That  said,  no  matter  how  large  a  vehicle  you’re  traveling  in,  you  will  have  limited   space.    Stick  to  the  essentials:  At  a  minimum,  you’ll  need  food,  water,  any  necessary   medications,  bedding  and  anything  you  may  need  to  restrain  your  pet  if  it  becomes   stressed  out  or,  God  forbid,  injured  or  ill.    For  our  menagerie,  we  always  plan  on   taking  a  24-­‐pack  of  half-­‐liter  water  bottles  reserved  just  for  the  pets.    Toys  and   treats  may  be  good  to  relieve  the  animal’s  stress,  but  don’t  load  up  on  them.

As  an  example,  this  is  what  I  put  in  the  pack  for  my  Senegal  parrot:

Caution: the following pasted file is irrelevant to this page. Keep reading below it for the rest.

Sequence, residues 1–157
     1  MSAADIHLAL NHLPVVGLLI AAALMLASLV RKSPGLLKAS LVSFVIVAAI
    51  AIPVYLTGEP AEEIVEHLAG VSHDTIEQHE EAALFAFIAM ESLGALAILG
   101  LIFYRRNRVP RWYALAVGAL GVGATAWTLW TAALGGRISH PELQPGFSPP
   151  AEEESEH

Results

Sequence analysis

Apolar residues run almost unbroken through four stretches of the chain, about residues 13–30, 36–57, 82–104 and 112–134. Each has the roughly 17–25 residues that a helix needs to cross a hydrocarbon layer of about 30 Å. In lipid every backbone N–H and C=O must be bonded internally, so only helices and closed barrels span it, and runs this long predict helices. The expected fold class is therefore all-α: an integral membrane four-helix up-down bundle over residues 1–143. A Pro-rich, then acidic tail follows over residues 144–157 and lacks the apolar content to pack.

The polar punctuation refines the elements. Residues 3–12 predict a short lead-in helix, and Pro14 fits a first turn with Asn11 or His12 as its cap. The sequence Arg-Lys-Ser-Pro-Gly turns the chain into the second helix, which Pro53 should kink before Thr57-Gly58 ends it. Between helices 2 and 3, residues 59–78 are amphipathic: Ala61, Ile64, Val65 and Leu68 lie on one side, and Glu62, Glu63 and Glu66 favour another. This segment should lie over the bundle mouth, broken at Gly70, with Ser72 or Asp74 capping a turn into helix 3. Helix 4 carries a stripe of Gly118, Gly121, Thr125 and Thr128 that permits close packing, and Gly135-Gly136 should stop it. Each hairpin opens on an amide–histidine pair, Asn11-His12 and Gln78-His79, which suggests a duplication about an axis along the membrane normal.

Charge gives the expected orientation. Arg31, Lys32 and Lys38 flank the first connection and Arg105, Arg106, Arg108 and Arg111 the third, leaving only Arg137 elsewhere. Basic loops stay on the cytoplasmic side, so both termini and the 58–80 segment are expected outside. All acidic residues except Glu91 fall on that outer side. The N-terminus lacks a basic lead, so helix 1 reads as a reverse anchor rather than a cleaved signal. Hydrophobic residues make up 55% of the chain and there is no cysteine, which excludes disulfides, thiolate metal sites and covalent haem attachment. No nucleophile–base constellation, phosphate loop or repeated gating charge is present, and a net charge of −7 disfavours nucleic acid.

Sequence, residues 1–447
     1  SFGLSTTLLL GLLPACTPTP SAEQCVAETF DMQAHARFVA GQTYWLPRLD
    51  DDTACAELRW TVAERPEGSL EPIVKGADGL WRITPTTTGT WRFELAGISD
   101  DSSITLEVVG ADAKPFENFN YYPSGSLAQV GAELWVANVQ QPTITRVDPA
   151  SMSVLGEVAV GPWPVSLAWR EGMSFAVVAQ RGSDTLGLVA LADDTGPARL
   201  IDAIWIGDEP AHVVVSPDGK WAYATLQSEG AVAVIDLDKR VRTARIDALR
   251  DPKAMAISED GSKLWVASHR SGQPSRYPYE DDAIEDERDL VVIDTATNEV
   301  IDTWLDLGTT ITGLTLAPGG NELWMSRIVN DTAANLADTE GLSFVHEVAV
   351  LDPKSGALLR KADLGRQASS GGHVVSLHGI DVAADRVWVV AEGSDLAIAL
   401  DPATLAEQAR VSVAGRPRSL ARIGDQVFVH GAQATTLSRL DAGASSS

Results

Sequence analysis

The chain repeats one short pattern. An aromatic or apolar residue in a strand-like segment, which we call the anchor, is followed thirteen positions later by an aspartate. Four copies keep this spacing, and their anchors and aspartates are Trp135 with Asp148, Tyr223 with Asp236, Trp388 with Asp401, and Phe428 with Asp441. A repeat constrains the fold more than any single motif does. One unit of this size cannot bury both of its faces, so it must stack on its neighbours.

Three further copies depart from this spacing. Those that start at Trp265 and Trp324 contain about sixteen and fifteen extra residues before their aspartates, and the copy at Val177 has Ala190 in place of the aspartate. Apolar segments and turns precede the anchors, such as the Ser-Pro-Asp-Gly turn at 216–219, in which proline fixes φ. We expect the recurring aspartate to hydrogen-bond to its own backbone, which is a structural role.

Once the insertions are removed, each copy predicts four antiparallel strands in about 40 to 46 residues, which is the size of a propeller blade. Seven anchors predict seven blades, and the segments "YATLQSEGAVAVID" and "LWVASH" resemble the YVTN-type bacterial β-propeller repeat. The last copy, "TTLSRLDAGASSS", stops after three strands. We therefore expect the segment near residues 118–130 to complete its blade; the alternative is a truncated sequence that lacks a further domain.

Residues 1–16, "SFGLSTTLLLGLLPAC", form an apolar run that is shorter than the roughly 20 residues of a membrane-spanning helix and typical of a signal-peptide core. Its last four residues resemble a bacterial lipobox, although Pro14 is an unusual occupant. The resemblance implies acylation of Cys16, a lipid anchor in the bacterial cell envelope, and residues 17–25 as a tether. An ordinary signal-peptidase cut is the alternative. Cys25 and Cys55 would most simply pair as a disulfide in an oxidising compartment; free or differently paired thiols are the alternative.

• A  quart-­‐sized  plastic  bag  of  Harrison’s  Bird  Food  pellets.

• A  smaller  plastic  bag  of  Nutriberry  treats  and  nuts.

• A  spare  perch  for  his  travel  cage,  and  vet  wrap  to  pad  it  for  his  arthritic  little   feet.

• Two  medications  that  he  gets  a  couple  of  times  a  week.

• A  toy  to  replace  the  one  that  normally  stays  in  his  travel  cage,  and  some  parts   to  refill  the  toy.

• A  towel  for  handling  him  if  he  decides  to  be  uncooperative.

• Two  extra  food/water  bowls.

In  the  end,  we  decided  to  stick  it  out  at  home,  and  we  got  lucky.    The  power  was   restored  after  a  few  days,  and  our  house  was  livable,  if  not  comfortable.    But  if  the   damage  had  been  just  a  little  bit  worse,  or  the  recovery  had  taken  a  little  longer,  we   would  have  been  forced  to  travel.    Now  I  know  the  next  time  a  hurricane  threatens,   we’ll  be  as  ready  as  we  can  be.